Nature-Based Arts And Crafts

One of the most magical aspects of summer camp is that it opens a child’s eyes to a world of nature filled with artistic opportunities that cannot be experienced anywhere else. As traditional camp professionals, we want to offer children the opportunity to become fully immersed in the present moment and enjoy nature by allowing them to use their imaginations without the use of technology. Camp Birch Hill in New Durham, N.H., takes pride in giving campers a genuine camp experience by designing a schedule that is focused on outdoor recreation. The Fine Arts program encourages projects that are ecologically friendly, and uses materials from natural environments. Teaching children about sustainability and the value of looking after the environment is important; incorporating these lessons into art classes can make learning about them fun.

One of the many ways we like to encourage nature-based play is through arts and crafts. Our arts pavilion is an open-air structure with a roof, four supply closets, and no walls. Nestled among pines and birch trees, the pavilion is the perfect place to relax, make art, and enjoy the fresh air and greenery—rain or shine. During the daily schedule, campers are running around for a large portion of the time. Creating an environment in which they do something with their hands is a fantastic way to balance things out. 

There are many things to consider when planning arts-and-crafts activities for the summer. What are the associated costs? What materials are needed? Will campers have a finished product at the end of each class? Is the class age-appropriate? In the next section, I’ve listed some of the favorite nature-based art projects and provided a simple guide on how to make each item. For more detailed step-by-step processes and various ways to create each activity, visit our Pinterest page in the Camp Craft section at

Before beginning any project, be sure to have all of the supplies ready.

Pet Rocks

Part of the fun of decorating pet rocks is searching for the rocks. Take the arts-and-crafts class on an adventure to find the perfect-sized rocks. Then head back to the classroom and give them a wash. They are now ready to be painted and dressed up however each camper desires. Some suggested materials are paint, paintbrushes, googly eyes, feathers, pipe cleaners, stickers, grass, leaves, and twigs. Once finished, these beautiful works of art bring color and imagination to any environment. They are a fun cabin accessory and a great souvenir to take home.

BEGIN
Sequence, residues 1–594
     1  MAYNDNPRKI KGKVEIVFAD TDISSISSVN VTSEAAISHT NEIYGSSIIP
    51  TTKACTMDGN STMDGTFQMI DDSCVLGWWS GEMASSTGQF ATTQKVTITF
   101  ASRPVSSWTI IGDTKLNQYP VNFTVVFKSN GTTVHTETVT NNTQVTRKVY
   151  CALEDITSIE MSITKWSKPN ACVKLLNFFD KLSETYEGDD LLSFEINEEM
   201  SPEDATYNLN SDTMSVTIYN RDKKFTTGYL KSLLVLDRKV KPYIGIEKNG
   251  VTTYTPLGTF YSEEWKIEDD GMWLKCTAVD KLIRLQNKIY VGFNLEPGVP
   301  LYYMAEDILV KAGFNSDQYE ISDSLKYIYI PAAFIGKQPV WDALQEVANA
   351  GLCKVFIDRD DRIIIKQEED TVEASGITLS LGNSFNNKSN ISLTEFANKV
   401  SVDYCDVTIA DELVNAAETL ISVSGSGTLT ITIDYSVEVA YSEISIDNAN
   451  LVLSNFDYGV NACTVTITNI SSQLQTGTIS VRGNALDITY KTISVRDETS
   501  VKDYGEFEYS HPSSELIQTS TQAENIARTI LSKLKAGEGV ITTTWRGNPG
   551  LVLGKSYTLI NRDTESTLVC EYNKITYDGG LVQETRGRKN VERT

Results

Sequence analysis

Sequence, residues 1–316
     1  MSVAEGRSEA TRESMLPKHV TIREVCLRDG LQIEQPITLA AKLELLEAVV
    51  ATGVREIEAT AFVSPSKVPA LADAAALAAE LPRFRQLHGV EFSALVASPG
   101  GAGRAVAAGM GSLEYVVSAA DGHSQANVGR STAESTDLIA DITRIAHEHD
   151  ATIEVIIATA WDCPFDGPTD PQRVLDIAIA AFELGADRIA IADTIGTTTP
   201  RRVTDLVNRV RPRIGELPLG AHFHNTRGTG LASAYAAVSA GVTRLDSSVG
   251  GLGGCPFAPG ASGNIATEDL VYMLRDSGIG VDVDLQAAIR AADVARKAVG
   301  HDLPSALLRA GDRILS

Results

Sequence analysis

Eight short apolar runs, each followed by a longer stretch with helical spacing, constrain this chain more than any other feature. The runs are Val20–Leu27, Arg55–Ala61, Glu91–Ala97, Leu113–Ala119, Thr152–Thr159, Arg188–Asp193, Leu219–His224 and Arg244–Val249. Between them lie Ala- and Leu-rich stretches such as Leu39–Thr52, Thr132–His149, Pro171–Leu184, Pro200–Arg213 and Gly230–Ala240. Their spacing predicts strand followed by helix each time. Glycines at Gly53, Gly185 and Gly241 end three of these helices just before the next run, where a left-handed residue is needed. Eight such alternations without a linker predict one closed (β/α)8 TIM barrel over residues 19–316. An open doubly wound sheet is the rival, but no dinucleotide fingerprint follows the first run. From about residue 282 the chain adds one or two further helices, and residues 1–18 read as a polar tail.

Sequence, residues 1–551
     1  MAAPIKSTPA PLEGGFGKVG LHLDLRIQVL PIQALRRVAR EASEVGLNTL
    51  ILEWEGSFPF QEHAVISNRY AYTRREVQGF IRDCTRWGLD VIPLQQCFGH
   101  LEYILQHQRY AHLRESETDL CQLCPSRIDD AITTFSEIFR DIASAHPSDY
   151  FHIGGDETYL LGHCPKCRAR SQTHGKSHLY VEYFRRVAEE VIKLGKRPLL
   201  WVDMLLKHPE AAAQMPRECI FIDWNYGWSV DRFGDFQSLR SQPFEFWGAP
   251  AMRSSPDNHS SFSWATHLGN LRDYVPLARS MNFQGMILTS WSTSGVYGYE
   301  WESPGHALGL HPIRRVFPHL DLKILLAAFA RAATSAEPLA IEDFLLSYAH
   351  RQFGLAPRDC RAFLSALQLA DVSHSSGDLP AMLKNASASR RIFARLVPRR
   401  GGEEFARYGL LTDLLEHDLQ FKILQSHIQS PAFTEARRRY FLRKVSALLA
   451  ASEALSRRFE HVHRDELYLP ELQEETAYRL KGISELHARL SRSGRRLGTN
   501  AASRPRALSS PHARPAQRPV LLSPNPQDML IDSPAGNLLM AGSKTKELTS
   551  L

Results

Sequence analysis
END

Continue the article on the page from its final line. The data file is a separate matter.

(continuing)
Dream Catchers

Dream catchers are another camper favorite. Start by taking a class on an adventure to find one-foot long, bendable twigs to make a circle. During this activity, take the opportunity to demonstrate to campers the right way to respect nature. Then head back to the classroom to begin weaving. Having a sample of the particular project really inspires children to work hard at their own because they are able to visualize what they can create from their materials. Also, note that some campers may need extra assistance, depending on their age (e.g., making a hoop from their twigs to be sure the ends are overlapping). It is often empowering for older campers to help younger ones with their projects. For the next step, wrap a thin piece of wire around the ends to secure it in place. Next, cut a few feet of wool, twine, string, or any kind of material that will allow for a webbing design. Tie one end of the wool to the twig hoop, string a few beads onto the wool, and push the beads toward the tied end. Then wrap the wool around the other side of the hoop, string a few more beads on the wool, and wrap the wool around the far side of the hoop. Repeat this until there is an interesting webbing design. Lastly, tie a short length of wool on the hoop and string a bead or two on it; then tie a feather onto the end. Repeat this a few times to get the desired look. 

Paint A Pot, Plant A Seed

For an eco-friendly, fun, and educational craft, Paint a Pot, Plant a Seed can be used. In this activity, campers use small terra-cotta pots or old tin cans (making sure to puncture holes in the bottom for water to escape). First, have the class design their pots using materials such as paint, glitter, buttons, googly eyes, or pom-poms. Second, they can use soil and seeds from the local plant shop or each camper can plant his or her own seed. Take this opportunity to teach the class about looking after their plants. This gives them something to take home after camp so they can continue to watch the plants grow.

Respecting the environment while also creating a harmonious environment for campers are challenges for any successful arts-and-crafts program. Whether out in nature or sitting at a glitter-stained table, participants can be shown that camp is a symbol of life, creativity, and most importantly—fun. They will take their artwork home to remind them of camp all year long.

Sarah Ferguson is the Social Media/Photographer/Director at Camp Birch Hill in New Durham, N.H. Reach her at